He also agreed to uphold the Protestant religion, and to the return from exile of the other Protestant lords. There has never been any evidence that Mary was having an affair with Rizzio. If she had been, Randolph would have known, yet he does not mention it in any of his reports to Cecil. She spent days in her chamber weeping, close to nervous collapse. Nevertheless, on 9 MarchMary was having a small supper party in her private apartments, with Rizzio and five close friends, when Darnley and a group of Protestant nobles burst in.
They dragged Rizzio from the table and into the next room - where they stabbed him 56 times.
BBC - History - Mary, Queen of Scots, and her lover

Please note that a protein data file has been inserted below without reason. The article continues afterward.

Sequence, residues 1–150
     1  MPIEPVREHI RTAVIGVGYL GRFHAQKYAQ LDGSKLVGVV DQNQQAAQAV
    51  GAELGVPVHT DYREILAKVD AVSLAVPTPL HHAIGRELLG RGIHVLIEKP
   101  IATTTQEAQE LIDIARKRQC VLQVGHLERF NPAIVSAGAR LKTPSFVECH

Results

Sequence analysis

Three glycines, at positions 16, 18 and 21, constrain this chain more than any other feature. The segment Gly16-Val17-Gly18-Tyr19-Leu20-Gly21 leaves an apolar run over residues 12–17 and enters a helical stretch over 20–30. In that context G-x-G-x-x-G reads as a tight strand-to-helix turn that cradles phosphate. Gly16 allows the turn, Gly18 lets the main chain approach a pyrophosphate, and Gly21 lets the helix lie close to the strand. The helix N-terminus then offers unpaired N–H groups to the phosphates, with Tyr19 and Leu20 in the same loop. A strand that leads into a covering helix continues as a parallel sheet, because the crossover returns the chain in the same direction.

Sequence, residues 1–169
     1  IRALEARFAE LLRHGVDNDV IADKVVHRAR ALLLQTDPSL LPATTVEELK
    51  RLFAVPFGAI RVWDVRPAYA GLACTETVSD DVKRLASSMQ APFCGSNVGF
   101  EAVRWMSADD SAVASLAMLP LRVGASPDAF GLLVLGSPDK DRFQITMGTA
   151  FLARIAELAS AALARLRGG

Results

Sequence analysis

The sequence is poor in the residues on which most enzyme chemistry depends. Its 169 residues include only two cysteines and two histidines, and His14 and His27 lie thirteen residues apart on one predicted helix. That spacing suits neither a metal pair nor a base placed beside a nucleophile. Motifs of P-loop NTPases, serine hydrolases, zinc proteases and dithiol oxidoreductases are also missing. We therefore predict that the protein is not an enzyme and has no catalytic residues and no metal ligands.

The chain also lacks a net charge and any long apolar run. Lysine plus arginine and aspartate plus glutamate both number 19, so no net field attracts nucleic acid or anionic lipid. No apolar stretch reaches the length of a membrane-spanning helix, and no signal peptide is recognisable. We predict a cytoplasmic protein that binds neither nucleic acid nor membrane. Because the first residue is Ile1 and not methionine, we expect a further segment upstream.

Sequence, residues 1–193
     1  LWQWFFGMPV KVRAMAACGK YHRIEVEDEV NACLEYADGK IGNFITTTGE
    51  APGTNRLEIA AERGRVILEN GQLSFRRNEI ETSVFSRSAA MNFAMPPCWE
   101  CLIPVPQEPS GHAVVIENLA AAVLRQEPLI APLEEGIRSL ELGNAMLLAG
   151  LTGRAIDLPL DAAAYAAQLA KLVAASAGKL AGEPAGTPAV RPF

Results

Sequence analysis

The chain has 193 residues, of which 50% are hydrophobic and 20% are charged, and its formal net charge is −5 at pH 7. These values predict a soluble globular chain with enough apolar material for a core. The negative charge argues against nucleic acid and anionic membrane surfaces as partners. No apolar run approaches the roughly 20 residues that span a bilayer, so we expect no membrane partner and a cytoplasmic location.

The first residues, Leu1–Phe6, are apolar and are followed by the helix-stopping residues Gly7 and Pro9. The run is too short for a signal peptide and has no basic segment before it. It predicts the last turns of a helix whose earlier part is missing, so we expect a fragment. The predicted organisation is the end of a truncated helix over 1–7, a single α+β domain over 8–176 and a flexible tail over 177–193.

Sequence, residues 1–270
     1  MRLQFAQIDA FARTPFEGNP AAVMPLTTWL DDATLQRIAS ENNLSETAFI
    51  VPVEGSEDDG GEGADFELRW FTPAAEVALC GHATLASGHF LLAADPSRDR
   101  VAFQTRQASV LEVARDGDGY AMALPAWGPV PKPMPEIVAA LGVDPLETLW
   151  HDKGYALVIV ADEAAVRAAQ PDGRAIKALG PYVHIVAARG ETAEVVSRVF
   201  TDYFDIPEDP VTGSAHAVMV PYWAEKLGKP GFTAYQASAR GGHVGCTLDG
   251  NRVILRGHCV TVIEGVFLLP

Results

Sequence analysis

Bothwell had also been a target, but he managed to climb out of a window and descape to Dunbar. Alone and defenceless, Mary decided that her only hope was Darnley. Two nights after the murder she went to his room and convinced him that the Protestant lords were using him.
Soon he was begging her forgiveness and together they escaped to Dunbar, where Bothwell was gathering an army. They returned to Edinburgh with the army and forced the murderers to flee. But Mary never really recovered. She could never forgive Darnley. The only person she now trusted was Bothwell.
Darnley was now expendable and everyone wanted to see the back of him: Mary hated him, the Protestant lords had been betrayed by him and Bothwell wanted to replace him as king.
To further his ends, Bothwell persuaded Mary to bring back Moray and the exiled Protestants. Top 'Nothing against her honour' In NovemberBothwell met with nobles from all factions at Craigmillar Castle to discuss the Darnley problem.